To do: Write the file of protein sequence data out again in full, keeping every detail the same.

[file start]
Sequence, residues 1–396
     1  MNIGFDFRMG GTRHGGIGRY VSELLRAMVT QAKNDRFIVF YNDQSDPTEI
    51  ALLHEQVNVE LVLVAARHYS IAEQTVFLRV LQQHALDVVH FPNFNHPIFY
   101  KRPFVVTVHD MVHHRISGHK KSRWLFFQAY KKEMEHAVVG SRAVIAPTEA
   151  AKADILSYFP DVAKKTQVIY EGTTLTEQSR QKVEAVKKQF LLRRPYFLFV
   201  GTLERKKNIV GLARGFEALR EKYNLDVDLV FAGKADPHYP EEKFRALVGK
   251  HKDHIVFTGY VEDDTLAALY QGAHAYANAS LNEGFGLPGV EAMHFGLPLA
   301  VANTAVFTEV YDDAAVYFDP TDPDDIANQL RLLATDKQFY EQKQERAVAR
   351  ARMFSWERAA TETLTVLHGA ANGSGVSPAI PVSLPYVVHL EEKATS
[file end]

Sequence, residues 1–396
     1  MNIGFDFRMG GTRHGGIGRY VSELLRAMVT QAKNDRFIVF YNDQSDPTEI
    51  ALLHEQVNVE LVLVAARHYS IAEQTVFLRV LQQHALDVVH FPNFNHPIFY
   101  KRPFVVTVHD MVHHRISGHK KSRWLFFQAY KKEMEHAVVG SRAVIAPTEA
   151  AKADILSYFP DVAKKTQVIY EGTTLTEQSR QKVEAVKKQF LLRRPYFLFV
   201  GTLERKKNIV GLARGFEALR EKYNLDVDLV FAGKADPHYP EEKFRALVGK
   251  HKDHIVFTGY VEDDTLAALY QGAHAYANAS LNEGFGLPGV EAMHFGLPLA
   301  VANTAVFTEV YDDAAVYFDP TDPDDIANQL RLLATDKQFY EQKQERAVAR
   351  ARMFSWERAA TETLTVLHGA ANGSGVSPAI PVSLPYVVHL EEKATS